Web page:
WASHINGTON — The first primary in the 2020 presidential race is a little more than 250 days away, but lawmakers and experts worry that elections will be held on voting machines that are woefully outdated and that any tampering by adversaries could lead to disputed results.... Read More
WASHINGTON — In Utah, marijuana revved up voter interest last year, and new election policies made it easier for people to cast their ballots, leading to the nation’s biggest jump in midterm turnout. Around the country, state efforts to widen ballot access and Trump-era political passion... Read More
WASHINGTON — California’s population is growing more slowly than expected, making it increasingly likely it will lose at least one congressional seat in 2020 — and maybe more. “Right now, the current numbers that are coming in look very much like California is on track to... Read More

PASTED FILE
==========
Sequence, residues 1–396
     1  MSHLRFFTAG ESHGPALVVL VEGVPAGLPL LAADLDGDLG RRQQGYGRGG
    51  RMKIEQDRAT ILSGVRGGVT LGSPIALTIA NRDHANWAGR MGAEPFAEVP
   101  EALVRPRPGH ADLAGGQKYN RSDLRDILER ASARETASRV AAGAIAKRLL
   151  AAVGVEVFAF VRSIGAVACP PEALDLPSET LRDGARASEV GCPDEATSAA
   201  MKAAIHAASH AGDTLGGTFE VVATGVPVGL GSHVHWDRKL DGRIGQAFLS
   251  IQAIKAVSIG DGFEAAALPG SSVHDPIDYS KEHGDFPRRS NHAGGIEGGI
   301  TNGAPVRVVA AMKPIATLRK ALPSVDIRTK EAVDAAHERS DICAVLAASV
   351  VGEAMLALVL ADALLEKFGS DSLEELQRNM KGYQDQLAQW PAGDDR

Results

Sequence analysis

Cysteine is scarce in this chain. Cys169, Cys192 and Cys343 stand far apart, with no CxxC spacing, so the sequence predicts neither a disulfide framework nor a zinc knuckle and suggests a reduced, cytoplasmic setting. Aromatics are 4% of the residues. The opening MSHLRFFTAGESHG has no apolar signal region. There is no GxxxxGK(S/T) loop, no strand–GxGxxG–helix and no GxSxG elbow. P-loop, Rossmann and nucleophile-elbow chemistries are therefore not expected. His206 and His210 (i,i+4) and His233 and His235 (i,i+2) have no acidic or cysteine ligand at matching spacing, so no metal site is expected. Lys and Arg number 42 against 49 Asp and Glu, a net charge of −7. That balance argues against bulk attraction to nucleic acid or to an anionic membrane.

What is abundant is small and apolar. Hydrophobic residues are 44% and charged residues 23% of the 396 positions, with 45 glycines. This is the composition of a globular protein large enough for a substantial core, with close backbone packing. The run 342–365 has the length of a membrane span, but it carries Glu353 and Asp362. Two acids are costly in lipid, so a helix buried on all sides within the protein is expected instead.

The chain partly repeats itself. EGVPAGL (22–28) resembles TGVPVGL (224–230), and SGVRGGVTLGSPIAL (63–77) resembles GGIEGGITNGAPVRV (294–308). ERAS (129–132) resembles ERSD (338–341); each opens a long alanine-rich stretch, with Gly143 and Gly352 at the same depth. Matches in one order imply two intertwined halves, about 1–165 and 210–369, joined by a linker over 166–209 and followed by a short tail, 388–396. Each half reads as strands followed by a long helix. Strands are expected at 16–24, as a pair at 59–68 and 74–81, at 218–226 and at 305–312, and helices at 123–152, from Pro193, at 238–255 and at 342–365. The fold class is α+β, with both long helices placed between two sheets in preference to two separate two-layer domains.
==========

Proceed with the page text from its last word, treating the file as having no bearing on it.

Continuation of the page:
The attorneys for both Ohio and Michigan asked the U.S. Supreme Court on Friday to intervene and block lower court orders to rectify partisan gerrymanders. In Ohio, a three-judge panel ruled that the state's congressional district map was unconstitutionally gerrymandered to perpetuate Republican power and disadvantage... Read More
WASHINGTON — The email from Dan McCready was telling. The North Carolina Democrat, who’s amassed more than $2.6 million for a redo election in the 9th District, was fundraising off a poll that showed state Sen. Dan Bishop leading the 10-person Republican field for next Tuesday’s... Read More
WASHINGTON — Tucked into the 448-page report from special counsel Robert Mueller were four paragraphs about major breaches into state and local election systems. Mueller’s description of Russian interference designed to help the Trump campaign was a reminder of how far many state and local officials... Read More